Set in 1950s suburban Connecticut, Revolutionary Road examines dysfunction lurking under the picture perfect, all-American facade of the Wheeler family. Frank (Leonardo DiCaprio) and April (Kate Winslet) have only been married a few years and have two children but the cracks are already starting to show. Their lives haven’t exactly turned out as they had dreamed: he works a boring 9-to-5 office job while she’s trapped in suburbia as a housewife. Frank and April are both very unhappy with their respective lots in life but they are locked into them because it is what society expects. They are supposed to be happy, after all they’re living the American Dream with two children and a nice house in an affluent suburb – so, why has the spark gone out of their marriage?
Ever since he started making films with Martin Scorsese, Leonardo DiCaprio has really matured as an actor and only seems to improve with every subsequent film he does. Revolutionary Road is quite possibly his best performance to date. There is a scene, a flashback where Frank reveals his ambitions to April while they are courting. He says, almost wistfully at one point, “I wanna feel things. Really feel them, you know?” The scene is brief but very important because it provides fascinating insight into his character. Before Frank followed in his father’s footsteps, he dreamed of going to Paris where “People are really alive.” DiCaprio also displays the subtle nuances of his character in a scene where April and his two children surprise him after work with a birthday cake. On his face is a shamefully sad expression because, unbeknownst to his family, he has spent most of the day with another woman. Of course, they interpret his tears as that of joy but we know better.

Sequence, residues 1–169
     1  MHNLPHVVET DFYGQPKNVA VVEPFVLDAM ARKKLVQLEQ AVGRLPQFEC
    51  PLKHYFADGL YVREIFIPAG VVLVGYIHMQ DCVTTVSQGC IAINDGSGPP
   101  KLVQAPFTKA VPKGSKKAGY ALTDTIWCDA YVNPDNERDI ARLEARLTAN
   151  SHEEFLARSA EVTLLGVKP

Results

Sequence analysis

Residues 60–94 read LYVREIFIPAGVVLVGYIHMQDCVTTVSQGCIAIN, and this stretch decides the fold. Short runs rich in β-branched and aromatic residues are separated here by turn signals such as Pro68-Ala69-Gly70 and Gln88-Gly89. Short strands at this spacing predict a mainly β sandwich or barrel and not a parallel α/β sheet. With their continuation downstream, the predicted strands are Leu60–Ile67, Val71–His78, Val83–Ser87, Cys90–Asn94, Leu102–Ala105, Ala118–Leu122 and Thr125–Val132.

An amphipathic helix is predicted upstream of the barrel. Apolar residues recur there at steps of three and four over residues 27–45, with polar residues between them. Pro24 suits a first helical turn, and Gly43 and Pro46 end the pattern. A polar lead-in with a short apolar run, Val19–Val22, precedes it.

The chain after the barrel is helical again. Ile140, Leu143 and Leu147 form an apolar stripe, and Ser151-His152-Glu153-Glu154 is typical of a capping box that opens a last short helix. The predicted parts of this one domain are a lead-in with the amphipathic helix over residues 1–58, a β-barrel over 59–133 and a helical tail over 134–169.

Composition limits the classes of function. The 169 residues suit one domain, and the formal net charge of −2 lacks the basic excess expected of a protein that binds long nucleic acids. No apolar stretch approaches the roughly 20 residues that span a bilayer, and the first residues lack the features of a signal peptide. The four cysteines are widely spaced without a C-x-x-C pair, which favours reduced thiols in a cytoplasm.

DiCaprio still has dynamite chemistry with Winslet as evident in the scene where April proposes that they sell their house, he quit his job, and they use their savings to move to Paris like they dreamed of years ago. At first, it seems like an unrealistic proposition but her passionate reasoning, delivered with heartfelt conviction by Winslet, wins him (and us) over. She does an excellent job conveying someone who wants something more out of life and the impressive part of Winslet’s performance is how she conveys the arc of her character, how April gets more desperate and fed-up with her life with Frank. Winslet is not afraid to expose the raw emotional core of her character and this fearlessness is exciting to watch. She is also absolutely heartbreaking as a woman who feels trapped by the life she’s living. April doesn’t like what she and Frank have become.
Almost halfway through Revolutionary Road, Michael Shannon makes a show-stopping appearance as the son of the woman (Bates) who sold the Wheelers their home. His character went crazy and was subjected to electroshock therapy and now he’s a bundle of twitchy nerves but also seems to be the only person who understands why Frank and April want to drop everything and go to Paris. He also seems to be the only person who publicly acknowledges the problems between them. Shannon’s appearance gives the film a refreshing jolt of energy and lightens things up at just the right moments.